Reasons to use stored procedures:

  • Centralization – Sharing common code between applications asnd only need to make your changes ONCE! And, there’s no possibility of different business rules being enforced in one application and not another and/or for incorrect business rules to be “out there” in your applications.
  • Simplification – Users should not need to know your schema. They shoudn’t care that you’ve denormalized something and they should reap the benenfits through YOUR creating an access method that is simple and works even if you end up changing back and normalizing. The database schema should be isolated from the users…
  • Change control – You should be able to change your schema without breaking applications. This about this one a bit – this is EXACTLY the tactic that SQL Server takes with it’s own internal tables. We access them trhough stored procedurs, views (aka catalog views) and functions. If they need to change the underlying schema then we don’t need to worry – as long as they also make the sp, function or view return the same way it always has. This has complicated things over time. First, the SQL team has bascially decided that (for backward compatiblity) the sps will never handle new features (and, yes, this is HORRIBLY annoying (and, it’s the reason for why I’ve rewriten sp_helpindex here [and, fyi, I have an even better/newer/shinier version coming soon]). And, they’ve had to add functions like DATABASEPROPERTYEX for the “extended” properties that were added around recovery models in SQL Server 2000. However, as long as the funtionality of the interface stays the same then our applications don’t break. That’s incredibly important and probably one of my favorite reasons to create some separation between the schema and the users (and/or interface).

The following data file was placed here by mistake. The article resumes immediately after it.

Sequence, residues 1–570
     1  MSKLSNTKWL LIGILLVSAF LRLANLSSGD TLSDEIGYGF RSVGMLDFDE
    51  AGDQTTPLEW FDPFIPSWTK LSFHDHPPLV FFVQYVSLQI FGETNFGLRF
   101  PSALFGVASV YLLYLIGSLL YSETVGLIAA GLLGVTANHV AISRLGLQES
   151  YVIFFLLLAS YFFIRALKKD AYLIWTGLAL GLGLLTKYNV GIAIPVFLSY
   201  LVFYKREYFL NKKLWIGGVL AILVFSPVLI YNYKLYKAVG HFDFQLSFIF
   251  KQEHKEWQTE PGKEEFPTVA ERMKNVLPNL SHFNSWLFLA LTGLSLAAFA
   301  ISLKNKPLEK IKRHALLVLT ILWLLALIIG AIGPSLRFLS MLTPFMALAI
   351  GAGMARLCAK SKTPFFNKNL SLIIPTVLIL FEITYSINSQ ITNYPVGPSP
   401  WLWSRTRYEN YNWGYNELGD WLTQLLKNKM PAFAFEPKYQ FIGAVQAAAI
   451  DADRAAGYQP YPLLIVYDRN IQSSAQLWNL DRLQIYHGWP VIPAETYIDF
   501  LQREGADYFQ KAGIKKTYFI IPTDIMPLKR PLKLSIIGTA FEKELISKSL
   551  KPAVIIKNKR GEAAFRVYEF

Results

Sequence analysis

• Security – This is HUGE. And, it requires an understanding of object chaining and permissions. The general idea is that when objects are all within the same schema (and therefore have the same owner) that when execution rights are given on a stored procedure the caller does not need explicit permissions to the base objects (execution is essentially granted because the ownership chain is not broken). Another way to think about it is that your granting rights to execute a “process” and one that you have control (and ownershp) over all of the object involved. So, SQL Server only requires execute rights on the sp. However, this ONLY goes for explicity statements and not statements that are built dynamically. For those, the CALLER needs explicit permission OR the procedure needs to be created with EXECUTE AS. So, if you plan to use EXECUTE AS be sure to read my post titled: Little Bobby Tables, SQL Injection and EXECUTE AS.

But, more than anything else – you CAN use them for better performance. No, it’s not solely because the might have an already compiled (and therefore optimized) plan that’s available at runtime (yes, that CAN help) but compilation (or recompilation) can often be a small portion of runtime compared to the execution of a bad plan. And, this is where optimizing the procedural code can help. The bad news is that you have to know what you’re doing. And, I could make some arguments that SQL Server could do some things better here. But, if the developer does know more about how SQL Server works then procedures can work consistently and effectively – providing better performance.

UPDATE: Check out the post Building High Performance Procedures for more tips / tricks!

Thanks for reading!!